The Extractor Tool
The extractor tool does several things, but most importantly, it extracts. It’s a strong starting point for building SEO tools because it goes through the motions that all SEO tools follow.
- Crawl a website and return raw HTML
- Process HTML into elements
- Transform raw text into data
Google indexing follows this exact process, then stores it to power their search engine. The processing portion is a large part of their mythical algorithm.
For this tool, it mostly uses the TextRank algorithm, which is now relatively old. It’s an unsupervised process, meaning you don’t have to train it like many machine learning systems. It works by breaking a text into sentences and then finding one sentence that is most like the remaining content. Then we can assume, that sentence is an excellent summary of the text body.
What it does
The Extractor should take a URL and return several extracted pieces of information.
- Polarity (read as % positivity, or % negativity)
- Subjectivity (read as % subjective or % objective)
- Keyword List
- Extracted Content
If it doesn’t, then something has gone wrong. It could be on my end. I pay for minimal servers. Alternatively, it could be that your website doesn’t have any content.
It might have words, but it needs paragraphs, descriptions, and context. Make sure your websites use sentences, paragraphs, and large bodies of text!
Tools I used
The Extractor is a python tool that uses other libraries to do all the heavy lifting.
The request library is a simple way to fetch web content. It is beyond simple when compared to Google’s Puppeteer library.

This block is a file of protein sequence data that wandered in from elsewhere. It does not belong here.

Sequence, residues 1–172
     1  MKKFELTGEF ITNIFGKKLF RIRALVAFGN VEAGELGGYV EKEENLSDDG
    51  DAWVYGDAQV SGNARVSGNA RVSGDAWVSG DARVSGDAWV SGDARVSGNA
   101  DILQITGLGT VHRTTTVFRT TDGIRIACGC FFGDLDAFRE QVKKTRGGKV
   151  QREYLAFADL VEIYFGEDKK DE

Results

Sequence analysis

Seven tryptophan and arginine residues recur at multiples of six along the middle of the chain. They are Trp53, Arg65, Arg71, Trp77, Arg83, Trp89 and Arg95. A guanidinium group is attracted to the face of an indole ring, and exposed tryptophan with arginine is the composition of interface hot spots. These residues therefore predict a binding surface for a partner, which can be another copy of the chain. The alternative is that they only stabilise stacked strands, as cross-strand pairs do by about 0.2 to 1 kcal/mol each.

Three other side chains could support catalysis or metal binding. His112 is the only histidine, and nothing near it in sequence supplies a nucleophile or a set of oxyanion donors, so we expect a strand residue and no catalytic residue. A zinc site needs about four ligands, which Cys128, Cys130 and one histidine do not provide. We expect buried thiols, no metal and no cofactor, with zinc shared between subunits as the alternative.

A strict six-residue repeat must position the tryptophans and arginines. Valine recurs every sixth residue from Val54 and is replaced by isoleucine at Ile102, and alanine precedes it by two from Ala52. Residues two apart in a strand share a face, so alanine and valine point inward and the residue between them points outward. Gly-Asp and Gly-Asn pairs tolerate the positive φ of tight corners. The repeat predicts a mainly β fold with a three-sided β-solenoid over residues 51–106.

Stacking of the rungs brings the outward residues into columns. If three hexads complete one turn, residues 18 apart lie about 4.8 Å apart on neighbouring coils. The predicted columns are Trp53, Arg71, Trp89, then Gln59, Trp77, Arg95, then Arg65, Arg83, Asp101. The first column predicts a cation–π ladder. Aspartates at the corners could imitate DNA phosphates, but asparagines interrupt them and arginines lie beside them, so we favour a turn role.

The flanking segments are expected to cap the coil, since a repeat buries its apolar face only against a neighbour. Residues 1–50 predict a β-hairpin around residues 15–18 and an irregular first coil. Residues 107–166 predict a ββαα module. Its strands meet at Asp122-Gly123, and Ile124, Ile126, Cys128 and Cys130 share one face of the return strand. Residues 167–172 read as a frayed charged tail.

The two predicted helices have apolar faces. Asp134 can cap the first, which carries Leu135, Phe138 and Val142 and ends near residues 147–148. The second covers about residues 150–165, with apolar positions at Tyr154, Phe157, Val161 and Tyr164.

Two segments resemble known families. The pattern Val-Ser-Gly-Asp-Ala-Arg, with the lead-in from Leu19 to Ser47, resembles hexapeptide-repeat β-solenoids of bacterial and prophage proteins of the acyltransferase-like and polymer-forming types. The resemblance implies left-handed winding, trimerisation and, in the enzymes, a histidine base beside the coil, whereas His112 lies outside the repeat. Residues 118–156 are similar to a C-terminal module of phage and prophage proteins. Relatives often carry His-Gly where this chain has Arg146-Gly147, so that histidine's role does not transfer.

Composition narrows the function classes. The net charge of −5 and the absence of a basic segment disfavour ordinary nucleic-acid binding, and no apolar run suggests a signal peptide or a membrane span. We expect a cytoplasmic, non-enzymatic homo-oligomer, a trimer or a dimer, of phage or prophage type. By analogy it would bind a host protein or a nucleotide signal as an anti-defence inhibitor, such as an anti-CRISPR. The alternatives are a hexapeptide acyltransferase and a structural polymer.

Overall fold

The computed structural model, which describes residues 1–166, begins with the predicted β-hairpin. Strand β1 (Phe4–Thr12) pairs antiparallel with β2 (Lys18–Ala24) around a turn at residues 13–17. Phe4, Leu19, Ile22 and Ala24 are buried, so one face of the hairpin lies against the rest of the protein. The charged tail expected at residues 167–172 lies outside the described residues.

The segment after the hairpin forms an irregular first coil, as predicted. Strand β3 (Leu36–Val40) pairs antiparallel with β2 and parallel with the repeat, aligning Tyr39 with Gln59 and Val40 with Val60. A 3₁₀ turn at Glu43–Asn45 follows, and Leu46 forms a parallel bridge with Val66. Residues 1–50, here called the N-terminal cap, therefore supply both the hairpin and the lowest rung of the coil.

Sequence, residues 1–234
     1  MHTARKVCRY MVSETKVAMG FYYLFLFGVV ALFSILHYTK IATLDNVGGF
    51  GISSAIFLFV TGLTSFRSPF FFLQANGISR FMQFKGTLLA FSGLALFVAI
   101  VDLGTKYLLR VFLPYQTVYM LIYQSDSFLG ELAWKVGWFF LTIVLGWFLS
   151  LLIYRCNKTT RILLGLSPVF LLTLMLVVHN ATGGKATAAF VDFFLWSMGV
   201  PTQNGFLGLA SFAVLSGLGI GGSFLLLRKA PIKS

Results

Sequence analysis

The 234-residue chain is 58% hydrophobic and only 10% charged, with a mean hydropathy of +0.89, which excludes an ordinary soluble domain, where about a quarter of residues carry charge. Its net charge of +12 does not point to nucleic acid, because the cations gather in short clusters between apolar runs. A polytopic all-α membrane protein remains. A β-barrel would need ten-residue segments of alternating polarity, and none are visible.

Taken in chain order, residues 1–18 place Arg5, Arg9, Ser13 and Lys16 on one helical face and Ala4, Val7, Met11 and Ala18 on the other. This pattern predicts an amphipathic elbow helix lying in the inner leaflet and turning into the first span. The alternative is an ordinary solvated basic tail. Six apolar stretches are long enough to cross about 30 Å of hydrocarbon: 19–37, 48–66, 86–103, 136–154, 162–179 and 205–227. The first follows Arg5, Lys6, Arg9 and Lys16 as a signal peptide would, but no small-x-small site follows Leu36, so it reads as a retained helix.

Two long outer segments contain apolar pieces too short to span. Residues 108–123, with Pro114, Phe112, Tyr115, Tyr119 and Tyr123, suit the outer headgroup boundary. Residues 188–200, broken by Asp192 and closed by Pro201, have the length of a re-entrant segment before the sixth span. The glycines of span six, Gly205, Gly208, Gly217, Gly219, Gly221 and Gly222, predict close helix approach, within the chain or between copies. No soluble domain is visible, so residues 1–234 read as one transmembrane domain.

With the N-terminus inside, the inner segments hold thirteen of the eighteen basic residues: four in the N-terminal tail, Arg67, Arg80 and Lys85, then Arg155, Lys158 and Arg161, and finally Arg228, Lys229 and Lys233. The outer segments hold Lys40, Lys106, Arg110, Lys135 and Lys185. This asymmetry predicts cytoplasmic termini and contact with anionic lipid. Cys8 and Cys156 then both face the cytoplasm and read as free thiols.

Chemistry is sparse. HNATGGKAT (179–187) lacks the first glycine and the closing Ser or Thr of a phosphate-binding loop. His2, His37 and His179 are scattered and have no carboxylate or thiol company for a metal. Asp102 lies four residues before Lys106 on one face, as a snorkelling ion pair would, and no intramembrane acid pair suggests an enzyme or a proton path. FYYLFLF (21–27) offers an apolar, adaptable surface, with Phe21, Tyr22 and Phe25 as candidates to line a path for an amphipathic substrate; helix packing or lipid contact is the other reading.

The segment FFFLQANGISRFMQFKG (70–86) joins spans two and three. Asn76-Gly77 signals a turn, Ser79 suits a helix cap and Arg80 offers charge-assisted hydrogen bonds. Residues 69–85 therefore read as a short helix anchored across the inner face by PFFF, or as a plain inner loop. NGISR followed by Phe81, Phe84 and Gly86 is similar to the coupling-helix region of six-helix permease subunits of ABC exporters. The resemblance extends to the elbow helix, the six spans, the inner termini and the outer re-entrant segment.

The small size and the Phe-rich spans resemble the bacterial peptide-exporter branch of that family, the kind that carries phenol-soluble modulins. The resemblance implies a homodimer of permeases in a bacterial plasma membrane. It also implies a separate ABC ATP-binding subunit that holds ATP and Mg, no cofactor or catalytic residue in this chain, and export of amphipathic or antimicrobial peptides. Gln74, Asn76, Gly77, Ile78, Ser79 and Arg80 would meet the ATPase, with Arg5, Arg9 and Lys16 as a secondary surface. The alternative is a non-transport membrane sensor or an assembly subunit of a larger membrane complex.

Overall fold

Urllib2 allows you to send headers, and user-agent is one of the most critical headers when crawling. Since we aren’t using a real web browser to crawl, many websites become leery without a user-agent. I use Fake User-Agent to spit out a random one to keep other secure sites happy.
Dragnet is a machine learning implementation for extracting primary content. It is possible to use BeautifulSoup4 to pull out what you need with an HTML parser. I did try that implementation, and it resulted in errant HTML not caught by edge cases. Dragnet doesn’t always get all the content, which is why I always suggest writing HTML with a single paragraph section for your keywords.
Summa provides the TextRank algorithm. The tool gives functions for creating an extracted summary and extracted keywords. The Extractor uses both. It generally uses the idea of a similarity matrix, which uses vectors assigned to words to get a cosine similarity model.
I ran into a problem with similar keywords. The list of words had multiple similar words that polluted the model. Lemmatization was the immediate solution.
Lemmatization is the idea that similar words should be morphed into their base word. The one that dictionary entries of similar words would use as a reference. I had a lousy experience lemmatizing with most of the existing implementations. Instead of getting the lemma (base word), I wanted to get only the most relevant version of the keyword.
The current implementation uses FuzzyWuzzy and Itertools to iterate over all keywords, find words with close Levenshtein-distance, and remove the less relevant matching keywords.
TextBlob is used to gather sentiment. It’s a powerful library with functions for several everyday NLP tasks. I use it just for the sentiment analysis.
As far as I know, it’s another vector implementation that runs a simple average on the polarity or subjectivity of words. It’s useful if your content’s intended audience expect emotion or just the facts.
It also needs a queue status, so under load, you can see how the server work is going.
Finally, it would be nice to store the request and provide a unique URL. Then users could leave the page and come back when the crawl and analysis are complete. Alternatively, SEO users could send the unique URL to friends to show off the results.
Do you have a suggestion on how the tool should work or features you want? Send me a tweet.